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Three FMHS researchers awarded for scientific excellence by SAMRC
Author: FMHS Marketing & Communications / FGGW Bemarking & Kommunikasie – Ronel Slabbert
Published: 14/03/2023

​​Stellenbosch University's (SU) Faculty of Medicine and Health Sciences (FMHS) once again affirmed its spot as one of the top health science institutions on the African content when no less than three of its scientists were recently recognise at the South African Medical Research Council's (SAMRC) Scientific Merit Awards.

These awards, which recognises excellence in health research, were bestowed on Prof Elmi Muller, FMHS Dean, Prof Samantha Sampson, professor in the Division of Molecular Biology and Human Genetics, and Dr Wynand Goosen, a fellow with the FMHS's Animal TB Research Group.

“The awards, which are among the most prestigious in the country, are conferred upon individual researchers who have published work that has made ground-breaking contributions, providing impactful world-class science and health research that is aimed at advancing the lives of South Africans," the SAMRC said in a statement.


Muller received a Gold Medal, which is one of the top honours awarded to senior scientists who have made seminal scientific contributions that have impacted on the health of people, especially those living in the developing world.

Muller, who currently serves as Dean of the FMHS, is a transplant surgeon whose focal research areas are in HIV, transplantation, access to health care and surgery. In 2008 she started the first programme for HIV-positive patients receiving organs from HIV-positive donors in the world. This work impacted on access to health care for many patients who were marginalized before, and she also played a key role in shaping international policy documents on issues around organ trafficking and organ commercialisation.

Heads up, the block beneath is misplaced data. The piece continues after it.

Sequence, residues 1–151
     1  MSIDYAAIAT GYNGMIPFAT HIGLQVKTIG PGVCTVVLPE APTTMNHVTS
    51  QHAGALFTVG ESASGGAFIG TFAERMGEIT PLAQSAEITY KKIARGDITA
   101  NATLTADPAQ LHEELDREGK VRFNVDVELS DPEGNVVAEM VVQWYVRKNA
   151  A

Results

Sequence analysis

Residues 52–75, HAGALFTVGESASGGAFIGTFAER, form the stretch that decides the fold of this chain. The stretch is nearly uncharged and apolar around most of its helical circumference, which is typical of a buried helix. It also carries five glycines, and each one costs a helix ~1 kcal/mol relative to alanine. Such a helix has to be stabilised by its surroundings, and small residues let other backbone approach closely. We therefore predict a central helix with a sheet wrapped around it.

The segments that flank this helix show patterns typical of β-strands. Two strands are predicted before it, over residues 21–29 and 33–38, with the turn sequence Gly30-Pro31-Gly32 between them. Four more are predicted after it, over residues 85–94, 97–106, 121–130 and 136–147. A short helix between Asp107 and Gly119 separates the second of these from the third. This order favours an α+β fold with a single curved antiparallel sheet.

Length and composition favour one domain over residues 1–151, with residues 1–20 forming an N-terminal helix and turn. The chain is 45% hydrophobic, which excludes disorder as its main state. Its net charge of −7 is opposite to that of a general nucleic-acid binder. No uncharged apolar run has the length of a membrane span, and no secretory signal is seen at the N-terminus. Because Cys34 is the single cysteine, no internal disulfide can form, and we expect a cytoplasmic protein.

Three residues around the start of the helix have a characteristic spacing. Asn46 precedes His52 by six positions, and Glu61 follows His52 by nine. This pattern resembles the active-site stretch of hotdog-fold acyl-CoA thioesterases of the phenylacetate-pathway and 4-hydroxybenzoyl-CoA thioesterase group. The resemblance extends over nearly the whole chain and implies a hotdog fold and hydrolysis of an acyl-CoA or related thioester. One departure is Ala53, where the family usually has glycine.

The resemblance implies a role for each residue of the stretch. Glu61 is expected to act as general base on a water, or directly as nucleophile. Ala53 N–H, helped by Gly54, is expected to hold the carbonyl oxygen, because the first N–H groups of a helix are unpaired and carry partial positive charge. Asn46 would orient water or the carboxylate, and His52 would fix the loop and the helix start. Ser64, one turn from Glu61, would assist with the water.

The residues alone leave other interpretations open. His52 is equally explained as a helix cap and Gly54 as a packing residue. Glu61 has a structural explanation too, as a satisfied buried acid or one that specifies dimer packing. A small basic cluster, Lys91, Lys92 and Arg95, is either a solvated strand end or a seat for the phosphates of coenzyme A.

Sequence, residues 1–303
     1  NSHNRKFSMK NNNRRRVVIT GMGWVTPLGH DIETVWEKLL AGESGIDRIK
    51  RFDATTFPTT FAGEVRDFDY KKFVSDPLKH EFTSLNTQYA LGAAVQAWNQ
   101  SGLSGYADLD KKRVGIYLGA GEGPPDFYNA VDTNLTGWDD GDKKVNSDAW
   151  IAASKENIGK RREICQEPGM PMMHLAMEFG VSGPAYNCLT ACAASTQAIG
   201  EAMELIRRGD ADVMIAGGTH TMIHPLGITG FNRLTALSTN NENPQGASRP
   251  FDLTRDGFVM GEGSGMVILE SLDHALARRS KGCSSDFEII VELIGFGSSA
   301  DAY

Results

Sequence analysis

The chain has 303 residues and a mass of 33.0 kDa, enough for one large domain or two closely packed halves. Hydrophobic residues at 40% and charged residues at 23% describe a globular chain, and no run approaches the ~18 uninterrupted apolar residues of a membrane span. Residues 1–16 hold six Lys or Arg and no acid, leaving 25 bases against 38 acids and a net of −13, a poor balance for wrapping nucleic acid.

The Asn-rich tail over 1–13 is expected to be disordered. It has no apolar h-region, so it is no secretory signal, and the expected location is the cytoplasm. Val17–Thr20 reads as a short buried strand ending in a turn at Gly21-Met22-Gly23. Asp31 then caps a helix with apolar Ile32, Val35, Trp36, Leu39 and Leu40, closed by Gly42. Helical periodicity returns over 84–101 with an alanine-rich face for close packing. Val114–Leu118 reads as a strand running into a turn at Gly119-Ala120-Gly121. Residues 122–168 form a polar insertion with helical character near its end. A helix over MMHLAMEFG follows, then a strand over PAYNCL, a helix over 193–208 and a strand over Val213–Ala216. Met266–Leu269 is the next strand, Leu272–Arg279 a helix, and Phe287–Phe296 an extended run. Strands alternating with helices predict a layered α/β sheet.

Sampson received a Silver Medal, which is conferred on emerging scientists committed to capacity development, and who have made important scientific contributions within 10 years of having been awarded their PhD. Sampson is a core member of the SAMRC Centre for Tuberculosis Research and holds the DSI/NRF SARChI chair in Mycobactomics. Her research on TB focuses on host-pathogen interactions with the aim of understanding how the pathogen Mycobacterium TB interacts with its host to cause disease.

In addition to her TB research, she is passionate about capacity development. She has supervised over 40 postgraduate students and is an active mentor on several formal and informal mentoring schemes aimed at advancing the development of early-career researchers.


Goosen was awarded a Bronze Medal, which is awarded to scientists who have recently entered into research, and show potential for leadership, capacity development, grant writing and transformation. Goosen is an International Wellcome Trust Researcher with SU, Aberdeen University (Scotland) and Western University (Canada), he is the Vice Chair of the Wildlife Disease Association for Africa and Middle East, and National Geographic Explorer. Through his research, Goosen aims to understand and improve the surveillance of zoonotic TB in livestock, wildlife, people, and their environments, with a strong global health focus.

The SAMRC Board Chairperson, Prof Johnny Mahlangu expressed pride and admiration for the winners. “On behalf of the Board, we are truly honoured to have such talented and dedicated individuals among us, who have not only demonstrated exceptional knowledge and skills in their field but have also shown unwavering commitment to advancing scientific research and innovation. Their contributions to the scientific community are invaluable. Their accomplishments not only reflect their own brilliance and ingenuity but also serve as a testament to the values and contributions of the SAMRS as a whole," said Mahlangu.

SAMRC President and CEO, Prof Glenda Gray said medical research remains fundamental for reducing the nation's burden of disease and preventing mortality. “One of our values as the SAMRC is the value of excellence. We believe in excellence and encourage everyone who works with us to pursue excellence in whatever they do. Excellence should be acknowledged and celebrated. These awards give us an opportunity to pay respect to some of the exceptional medical researchers that we have in this country. Congratulations to all the winners and may they continue to excel," said Gray.​​

Caption: Prof Elmi Muller and Dr Wynand Goosen.